In this work we investigated the effects of an internal O2 impurity on the conductance of elongated gold and silver nanowires (NWs) using density functional theory (DFT) calculations. We found that the O2 interacts with these metallic NWs very differently. In the case of gold NWs, the presence of an internal oxygen molecule locally strengthens the wire, therefore forcing the phase transformations connected to the thinning process (3D to 2D, and 2D to single atom chain) to occur far from the oxygen. As a consequence, towards the end of the elongation the internal O2 is located far from the main conductance channel and therefore has little influence on the conductance of the NW. In contrast, in silver NWs, the presence of an internal oxygen molecule involves a larger charge transfer from the metallic atoms to the oxygen, therefore weakening the Ag-Ag binding. During the initial stages of the elongation, several metallic bonds adjacent to the impurity break, so that in most simulations the NW thinning takes place near the O2. This thinning mechanism places the O2 near the main conductance channel, therefore significantly reducing the conductivity of the elongated silver NWs. For both metals, our findings agree well with published experimental results.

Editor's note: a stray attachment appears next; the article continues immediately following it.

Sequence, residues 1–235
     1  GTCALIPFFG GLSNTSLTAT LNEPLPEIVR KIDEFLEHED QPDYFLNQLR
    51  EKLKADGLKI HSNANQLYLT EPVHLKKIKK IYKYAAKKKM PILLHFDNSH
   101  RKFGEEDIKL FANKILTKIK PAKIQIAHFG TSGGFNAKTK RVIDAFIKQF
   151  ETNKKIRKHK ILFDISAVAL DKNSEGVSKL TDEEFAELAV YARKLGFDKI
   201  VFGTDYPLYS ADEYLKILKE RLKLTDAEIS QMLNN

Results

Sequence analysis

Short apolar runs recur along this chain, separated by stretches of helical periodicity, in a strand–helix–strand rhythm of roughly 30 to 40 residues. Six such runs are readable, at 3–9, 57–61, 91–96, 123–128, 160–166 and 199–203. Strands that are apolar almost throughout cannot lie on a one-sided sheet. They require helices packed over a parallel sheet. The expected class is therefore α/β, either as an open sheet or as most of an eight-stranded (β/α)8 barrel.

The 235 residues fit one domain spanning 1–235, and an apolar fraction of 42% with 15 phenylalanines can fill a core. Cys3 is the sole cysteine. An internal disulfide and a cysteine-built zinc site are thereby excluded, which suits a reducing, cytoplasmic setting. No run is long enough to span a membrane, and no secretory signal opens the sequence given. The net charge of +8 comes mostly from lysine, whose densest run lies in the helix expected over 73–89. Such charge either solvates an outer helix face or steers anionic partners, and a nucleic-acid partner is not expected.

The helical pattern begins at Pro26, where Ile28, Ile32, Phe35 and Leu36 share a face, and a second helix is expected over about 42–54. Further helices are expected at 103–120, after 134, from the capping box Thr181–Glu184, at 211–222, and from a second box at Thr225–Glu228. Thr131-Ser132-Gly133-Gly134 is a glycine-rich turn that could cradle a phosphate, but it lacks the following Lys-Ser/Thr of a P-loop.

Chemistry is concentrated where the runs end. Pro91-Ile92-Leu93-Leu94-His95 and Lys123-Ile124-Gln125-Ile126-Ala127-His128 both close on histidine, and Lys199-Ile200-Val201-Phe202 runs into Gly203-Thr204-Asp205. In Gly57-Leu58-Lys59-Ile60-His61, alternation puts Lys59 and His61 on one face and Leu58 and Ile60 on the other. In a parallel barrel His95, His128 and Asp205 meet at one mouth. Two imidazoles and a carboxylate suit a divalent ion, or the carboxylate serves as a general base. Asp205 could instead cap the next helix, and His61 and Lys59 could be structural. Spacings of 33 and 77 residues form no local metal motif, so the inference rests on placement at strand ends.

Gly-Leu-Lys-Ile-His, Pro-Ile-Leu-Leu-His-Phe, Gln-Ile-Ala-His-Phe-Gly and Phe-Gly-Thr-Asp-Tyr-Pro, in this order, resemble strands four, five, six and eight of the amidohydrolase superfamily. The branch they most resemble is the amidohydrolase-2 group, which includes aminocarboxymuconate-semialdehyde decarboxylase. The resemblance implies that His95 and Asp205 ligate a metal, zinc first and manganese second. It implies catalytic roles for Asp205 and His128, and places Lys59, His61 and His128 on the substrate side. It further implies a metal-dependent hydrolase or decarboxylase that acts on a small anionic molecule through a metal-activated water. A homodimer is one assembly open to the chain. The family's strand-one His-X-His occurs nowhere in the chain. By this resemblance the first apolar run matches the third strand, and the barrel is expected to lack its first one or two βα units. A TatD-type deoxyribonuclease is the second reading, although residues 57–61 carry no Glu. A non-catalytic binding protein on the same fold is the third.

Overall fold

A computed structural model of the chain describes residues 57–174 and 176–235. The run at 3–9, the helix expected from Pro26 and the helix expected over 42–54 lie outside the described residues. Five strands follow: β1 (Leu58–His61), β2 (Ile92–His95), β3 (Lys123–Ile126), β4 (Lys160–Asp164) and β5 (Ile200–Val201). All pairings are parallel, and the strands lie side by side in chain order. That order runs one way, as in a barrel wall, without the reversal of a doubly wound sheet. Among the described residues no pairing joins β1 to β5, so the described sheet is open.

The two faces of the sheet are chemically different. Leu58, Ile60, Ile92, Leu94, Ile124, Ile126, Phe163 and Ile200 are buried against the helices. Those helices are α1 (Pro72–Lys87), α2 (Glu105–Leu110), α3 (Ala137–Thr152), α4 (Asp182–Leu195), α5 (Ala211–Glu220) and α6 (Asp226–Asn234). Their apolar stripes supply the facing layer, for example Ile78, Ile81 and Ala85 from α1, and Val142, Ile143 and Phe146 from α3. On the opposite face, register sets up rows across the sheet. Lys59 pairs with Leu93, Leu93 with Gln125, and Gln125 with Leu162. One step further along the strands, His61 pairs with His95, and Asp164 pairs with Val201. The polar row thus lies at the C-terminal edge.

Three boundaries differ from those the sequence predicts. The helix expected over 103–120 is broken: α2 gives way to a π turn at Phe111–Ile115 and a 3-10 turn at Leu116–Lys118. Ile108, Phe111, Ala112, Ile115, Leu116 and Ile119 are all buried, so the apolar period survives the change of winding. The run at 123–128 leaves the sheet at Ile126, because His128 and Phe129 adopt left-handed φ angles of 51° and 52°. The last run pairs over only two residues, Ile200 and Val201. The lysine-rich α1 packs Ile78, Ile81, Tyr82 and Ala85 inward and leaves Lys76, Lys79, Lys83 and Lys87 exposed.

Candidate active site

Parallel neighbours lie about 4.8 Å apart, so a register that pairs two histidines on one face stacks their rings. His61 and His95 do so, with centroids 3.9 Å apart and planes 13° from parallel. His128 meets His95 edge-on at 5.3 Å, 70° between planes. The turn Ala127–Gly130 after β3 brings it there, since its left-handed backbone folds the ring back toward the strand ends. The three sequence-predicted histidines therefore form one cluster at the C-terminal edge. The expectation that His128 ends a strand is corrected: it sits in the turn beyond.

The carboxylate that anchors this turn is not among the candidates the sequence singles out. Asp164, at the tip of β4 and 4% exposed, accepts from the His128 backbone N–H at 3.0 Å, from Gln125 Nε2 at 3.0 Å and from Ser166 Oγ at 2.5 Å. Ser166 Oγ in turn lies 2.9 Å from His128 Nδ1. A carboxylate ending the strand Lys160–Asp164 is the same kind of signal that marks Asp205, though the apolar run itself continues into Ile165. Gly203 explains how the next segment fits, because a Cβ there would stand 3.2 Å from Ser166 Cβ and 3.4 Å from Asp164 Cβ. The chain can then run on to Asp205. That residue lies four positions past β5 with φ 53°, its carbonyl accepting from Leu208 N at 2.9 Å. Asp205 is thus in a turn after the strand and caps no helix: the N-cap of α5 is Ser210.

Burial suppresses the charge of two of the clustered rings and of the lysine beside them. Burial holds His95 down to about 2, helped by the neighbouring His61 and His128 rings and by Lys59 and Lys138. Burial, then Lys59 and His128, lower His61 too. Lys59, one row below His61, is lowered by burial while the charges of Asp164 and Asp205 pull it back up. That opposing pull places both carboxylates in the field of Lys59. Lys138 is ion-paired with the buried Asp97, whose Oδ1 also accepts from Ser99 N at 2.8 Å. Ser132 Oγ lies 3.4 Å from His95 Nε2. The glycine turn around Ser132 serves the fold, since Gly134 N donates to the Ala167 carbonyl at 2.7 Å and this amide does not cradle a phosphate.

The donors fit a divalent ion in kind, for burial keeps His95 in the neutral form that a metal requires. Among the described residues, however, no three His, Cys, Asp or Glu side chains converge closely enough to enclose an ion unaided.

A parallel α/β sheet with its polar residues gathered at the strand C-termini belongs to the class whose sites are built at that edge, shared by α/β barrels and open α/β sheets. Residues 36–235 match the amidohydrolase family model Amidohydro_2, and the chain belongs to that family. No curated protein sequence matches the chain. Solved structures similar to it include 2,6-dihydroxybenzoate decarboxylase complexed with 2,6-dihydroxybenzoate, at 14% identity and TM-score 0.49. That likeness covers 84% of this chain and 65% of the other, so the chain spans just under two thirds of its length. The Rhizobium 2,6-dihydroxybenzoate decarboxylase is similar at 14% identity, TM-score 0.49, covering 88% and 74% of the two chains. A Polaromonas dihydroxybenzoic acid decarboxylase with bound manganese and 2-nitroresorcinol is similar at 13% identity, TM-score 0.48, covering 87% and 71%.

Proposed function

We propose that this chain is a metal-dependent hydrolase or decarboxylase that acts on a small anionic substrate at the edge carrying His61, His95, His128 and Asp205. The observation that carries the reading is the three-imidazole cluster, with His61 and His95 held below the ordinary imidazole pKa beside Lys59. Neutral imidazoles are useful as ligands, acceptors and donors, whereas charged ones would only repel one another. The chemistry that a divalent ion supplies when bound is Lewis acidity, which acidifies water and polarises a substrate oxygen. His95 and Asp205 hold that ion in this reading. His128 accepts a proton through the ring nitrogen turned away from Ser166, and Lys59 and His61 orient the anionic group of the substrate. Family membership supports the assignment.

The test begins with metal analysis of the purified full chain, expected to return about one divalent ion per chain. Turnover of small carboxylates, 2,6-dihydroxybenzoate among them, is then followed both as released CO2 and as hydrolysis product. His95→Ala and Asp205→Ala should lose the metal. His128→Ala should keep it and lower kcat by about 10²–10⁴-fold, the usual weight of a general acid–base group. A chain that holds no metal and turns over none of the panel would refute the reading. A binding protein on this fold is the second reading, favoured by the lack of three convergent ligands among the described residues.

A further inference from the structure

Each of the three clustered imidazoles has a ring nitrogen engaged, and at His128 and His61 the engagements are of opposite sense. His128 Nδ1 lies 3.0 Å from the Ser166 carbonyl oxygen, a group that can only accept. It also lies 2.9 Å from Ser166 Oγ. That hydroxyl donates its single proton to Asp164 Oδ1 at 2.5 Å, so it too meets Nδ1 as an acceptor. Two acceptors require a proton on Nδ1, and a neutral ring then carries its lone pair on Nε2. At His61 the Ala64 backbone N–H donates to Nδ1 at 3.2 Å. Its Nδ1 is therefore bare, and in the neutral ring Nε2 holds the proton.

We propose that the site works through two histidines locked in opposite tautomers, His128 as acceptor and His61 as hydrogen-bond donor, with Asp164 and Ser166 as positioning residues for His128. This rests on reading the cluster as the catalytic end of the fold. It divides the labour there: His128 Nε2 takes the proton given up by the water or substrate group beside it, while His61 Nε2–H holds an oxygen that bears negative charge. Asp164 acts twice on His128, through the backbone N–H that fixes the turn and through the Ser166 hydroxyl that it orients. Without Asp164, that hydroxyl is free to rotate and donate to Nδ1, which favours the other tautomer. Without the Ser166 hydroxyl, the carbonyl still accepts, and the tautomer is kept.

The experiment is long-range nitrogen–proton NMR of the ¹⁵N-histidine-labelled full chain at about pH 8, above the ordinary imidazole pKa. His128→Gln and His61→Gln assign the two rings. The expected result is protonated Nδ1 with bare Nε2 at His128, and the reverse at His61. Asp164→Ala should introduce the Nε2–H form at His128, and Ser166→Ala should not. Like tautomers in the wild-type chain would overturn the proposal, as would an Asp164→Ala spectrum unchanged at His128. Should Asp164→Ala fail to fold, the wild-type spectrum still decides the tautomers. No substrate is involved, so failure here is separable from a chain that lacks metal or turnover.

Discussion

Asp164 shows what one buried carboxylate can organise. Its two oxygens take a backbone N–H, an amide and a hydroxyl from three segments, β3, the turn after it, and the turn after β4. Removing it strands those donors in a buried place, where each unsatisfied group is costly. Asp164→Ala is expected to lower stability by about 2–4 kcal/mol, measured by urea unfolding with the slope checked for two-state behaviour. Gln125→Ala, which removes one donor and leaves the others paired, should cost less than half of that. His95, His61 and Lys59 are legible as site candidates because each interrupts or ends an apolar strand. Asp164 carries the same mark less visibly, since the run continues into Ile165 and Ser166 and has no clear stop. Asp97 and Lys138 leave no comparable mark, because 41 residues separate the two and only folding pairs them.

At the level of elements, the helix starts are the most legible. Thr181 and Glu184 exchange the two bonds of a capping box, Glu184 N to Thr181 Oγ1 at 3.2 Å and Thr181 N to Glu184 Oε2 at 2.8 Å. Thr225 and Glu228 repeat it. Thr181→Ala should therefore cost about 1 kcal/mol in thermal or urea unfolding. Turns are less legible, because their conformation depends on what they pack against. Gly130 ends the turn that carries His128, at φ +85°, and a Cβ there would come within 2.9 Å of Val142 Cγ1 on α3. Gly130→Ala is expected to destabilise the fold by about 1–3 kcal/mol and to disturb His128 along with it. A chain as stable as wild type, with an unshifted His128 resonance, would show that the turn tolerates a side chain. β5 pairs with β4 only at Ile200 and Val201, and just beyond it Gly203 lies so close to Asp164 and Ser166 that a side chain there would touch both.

Citation: Journal of Applied Physics
Pub Type: Journals
Nanowire, Conductance, Gold, Silver, Impurity, O2